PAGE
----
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Way to make a misleading headline, Newsweek. Also, isn't the age of consent in Oklahoma 16?

 

Either way, it is entirely irresponsible to have a headline that makes it seem like Trump himself was coordinating a national child sex trafficking ring, as opposed to a county level coordinator in butfuckistan soliciting for sex from a 17 year old.

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The headline is intentional, for all the media’s handwringing they are more than willing to do the same lies / misleading statements / hyperbole they attack Trump for.

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16 hours ago, Donward said:

Charles Manson is now burning in hell. Pity the bastard wasn't sent to the gas chambers 45 years ago.

 

15 hours ago, Belesarius said:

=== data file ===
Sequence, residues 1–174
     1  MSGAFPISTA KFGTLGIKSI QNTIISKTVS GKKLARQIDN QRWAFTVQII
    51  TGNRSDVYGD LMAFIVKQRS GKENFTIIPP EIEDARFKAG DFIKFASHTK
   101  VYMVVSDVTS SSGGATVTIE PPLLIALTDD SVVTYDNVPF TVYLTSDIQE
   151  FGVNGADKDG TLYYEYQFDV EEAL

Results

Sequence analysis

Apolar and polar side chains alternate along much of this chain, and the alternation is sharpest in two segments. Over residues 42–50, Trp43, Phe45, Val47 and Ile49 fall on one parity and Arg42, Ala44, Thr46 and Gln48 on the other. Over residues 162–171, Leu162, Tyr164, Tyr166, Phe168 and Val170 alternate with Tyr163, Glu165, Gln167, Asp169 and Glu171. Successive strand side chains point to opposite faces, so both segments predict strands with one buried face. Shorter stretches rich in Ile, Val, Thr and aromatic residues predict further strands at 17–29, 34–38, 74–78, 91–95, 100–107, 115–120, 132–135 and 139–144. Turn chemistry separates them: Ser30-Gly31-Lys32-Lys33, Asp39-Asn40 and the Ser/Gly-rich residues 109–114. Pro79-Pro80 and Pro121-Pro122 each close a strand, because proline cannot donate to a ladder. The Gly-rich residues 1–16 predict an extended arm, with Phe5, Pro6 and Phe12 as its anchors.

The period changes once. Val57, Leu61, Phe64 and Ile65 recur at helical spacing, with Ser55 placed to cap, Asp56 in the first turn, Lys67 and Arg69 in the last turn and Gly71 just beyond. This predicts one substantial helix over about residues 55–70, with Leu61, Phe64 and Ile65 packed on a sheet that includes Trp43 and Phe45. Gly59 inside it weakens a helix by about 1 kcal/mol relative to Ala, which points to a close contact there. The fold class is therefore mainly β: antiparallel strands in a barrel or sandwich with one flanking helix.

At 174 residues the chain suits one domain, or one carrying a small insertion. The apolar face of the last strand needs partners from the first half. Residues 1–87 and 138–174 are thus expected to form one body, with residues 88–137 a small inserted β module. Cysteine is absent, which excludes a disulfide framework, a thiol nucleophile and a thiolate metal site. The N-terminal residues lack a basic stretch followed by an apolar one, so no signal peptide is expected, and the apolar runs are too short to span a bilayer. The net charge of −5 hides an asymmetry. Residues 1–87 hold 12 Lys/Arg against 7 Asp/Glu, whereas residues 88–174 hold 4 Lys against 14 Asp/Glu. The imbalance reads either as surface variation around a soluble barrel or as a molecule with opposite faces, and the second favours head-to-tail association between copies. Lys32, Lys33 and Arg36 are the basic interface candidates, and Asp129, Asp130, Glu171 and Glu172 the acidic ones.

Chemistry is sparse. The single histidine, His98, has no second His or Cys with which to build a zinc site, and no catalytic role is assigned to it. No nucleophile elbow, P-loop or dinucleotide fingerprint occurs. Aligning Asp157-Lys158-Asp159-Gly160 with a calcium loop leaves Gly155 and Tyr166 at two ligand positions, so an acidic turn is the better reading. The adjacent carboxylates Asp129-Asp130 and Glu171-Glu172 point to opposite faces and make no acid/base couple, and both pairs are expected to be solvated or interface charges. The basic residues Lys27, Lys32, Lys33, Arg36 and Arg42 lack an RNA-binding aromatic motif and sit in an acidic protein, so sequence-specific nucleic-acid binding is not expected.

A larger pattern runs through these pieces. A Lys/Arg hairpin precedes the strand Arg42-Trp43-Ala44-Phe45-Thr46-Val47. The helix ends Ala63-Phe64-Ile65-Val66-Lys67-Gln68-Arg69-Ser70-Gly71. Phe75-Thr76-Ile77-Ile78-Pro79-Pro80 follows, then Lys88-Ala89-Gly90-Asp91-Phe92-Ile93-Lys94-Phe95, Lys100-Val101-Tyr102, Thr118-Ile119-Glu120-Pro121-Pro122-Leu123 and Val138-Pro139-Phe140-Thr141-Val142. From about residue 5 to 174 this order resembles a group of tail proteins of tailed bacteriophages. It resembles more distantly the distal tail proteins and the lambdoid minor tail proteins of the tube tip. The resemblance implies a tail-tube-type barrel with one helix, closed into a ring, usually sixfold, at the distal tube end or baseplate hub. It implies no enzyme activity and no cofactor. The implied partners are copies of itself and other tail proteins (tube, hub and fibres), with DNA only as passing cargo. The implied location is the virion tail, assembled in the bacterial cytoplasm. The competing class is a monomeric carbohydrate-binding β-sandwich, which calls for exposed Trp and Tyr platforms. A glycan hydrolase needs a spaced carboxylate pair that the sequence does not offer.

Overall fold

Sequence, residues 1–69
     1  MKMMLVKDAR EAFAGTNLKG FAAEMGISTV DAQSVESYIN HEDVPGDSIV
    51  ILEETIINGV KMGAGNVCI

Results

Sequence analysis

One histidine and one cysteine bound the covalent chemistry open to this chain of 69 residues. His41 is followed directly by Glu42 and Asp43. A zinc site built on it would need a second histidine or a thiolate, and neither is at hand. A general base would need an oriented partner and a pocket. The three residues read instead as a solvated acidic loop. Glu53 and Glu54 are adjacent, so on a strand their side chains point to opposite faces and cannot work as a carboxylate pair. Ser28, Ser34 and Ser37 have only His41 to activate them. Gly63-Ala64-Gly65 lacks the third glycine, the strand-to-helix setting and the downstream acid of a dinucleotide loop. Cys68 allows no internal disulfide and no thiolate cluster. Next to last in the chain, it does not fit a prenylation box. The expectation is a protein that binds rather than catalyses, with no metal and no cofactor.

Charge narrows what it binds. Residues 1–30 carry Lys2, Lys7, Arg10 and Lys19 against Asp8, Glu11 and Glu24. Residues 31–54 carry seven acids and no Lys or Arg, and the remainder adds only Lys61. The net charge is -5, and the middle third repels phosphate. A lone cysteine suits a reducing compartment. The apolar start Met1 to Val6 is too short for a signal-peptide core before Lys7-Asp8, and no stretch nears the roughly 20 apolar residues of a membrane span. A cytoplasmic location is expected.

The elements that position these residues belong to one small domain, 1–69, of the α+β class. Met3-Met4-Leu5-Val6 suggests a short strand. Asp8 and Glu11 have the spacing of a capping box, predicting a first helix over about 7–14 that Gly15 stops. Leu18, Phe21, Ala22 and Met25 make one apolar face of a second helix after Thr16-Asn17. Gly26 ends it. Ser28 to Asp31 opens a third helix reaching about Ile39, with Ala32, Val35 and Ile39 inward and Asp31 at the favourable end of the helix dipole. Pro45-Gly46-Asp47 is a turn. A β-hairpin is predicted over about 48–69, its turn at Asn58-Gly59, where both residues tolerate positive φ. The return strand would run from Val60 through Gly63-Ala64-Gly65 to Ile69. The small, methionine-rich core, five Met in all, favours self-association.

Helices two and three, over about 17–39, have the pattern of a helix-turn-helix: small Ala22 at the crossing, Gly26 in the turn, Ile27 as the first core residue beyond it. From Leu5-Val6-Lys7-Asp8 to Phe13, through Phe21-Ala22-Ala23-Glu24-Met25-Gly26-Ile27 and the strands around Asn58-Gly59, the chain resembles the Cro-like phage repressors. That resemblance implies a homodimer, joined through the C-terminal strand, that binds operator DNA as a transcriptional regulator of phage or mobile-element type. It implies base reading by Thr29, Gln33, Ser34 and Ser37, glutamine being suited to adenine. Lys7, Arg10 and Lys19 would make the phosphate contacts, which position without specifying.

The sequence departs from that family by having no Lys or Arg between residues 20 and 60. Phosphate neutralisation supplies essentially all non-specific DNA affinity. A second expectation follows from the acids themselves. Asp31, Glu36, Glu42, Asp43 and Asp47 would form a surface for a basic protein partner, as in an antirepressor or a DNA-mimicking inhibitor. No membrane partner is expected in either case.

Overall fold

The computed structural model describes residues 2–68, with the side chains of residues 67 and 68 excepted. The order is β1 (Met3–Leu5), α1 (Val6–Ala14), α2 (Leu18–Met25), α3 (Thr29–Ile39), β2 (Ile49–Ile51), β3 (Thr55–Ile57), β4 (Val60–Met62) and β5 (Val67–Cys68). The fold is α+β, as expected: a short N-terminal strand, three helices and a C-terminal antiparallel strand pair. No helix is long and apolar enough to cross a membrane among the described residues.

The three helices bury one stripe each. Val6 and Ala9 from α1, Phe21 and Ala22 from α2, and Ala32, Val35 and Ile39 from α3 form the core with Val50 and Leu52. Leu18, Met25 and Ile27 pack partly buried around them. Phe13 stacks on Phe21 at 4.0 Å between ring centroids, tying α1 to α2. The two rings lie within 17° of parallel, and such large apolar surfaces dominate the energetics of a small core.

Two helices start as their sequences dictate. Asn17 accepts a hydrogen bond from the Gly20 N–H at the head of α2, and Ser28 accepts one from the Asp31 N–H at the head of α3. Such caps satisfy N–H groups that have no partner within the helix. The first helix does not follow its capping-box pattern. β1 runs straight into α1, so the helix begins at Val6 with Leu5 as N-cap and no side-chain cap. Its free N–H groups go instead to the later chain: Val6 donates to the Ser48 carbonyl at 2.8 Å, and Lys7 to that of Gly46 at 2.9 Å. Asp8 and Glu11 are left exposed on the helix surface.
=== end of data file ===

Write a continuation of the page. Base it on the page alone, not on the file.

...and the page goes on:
Good riddance.

 

 

Hoping the SOB is roasting in hell on a slowly turned spit.

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Everyone remember the stink about the Dakota Pipeline? 

 

Aka, you now know why the term "Indian Giver" exists?

 

They sign a contract, then make a stink right before everything goes down because they knew they could. 

 

All those memes floating around about how the pipeline was leaking oil onto native land, just as they said it would? 

 

Guess who was caught sabotaging the pipeline and causing all of those leaks. 

Quote

Dakota Access protesters claim responsibility for pipeline sabotage

https://www.desmoinesregister.com/story/news/2017/07/24/dakota-access-protesters-claim-responsibility-pipeline-sabotage/504136001/

 

 

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http://www.theaustralian.com.au/news/world/new-zimbabwe-president-seeks-reconciliation-with-west/news-story/795bafa30cae986be9ce631854daea59

 

New president of Zimbabwe wants to repay whites for driving them off their land.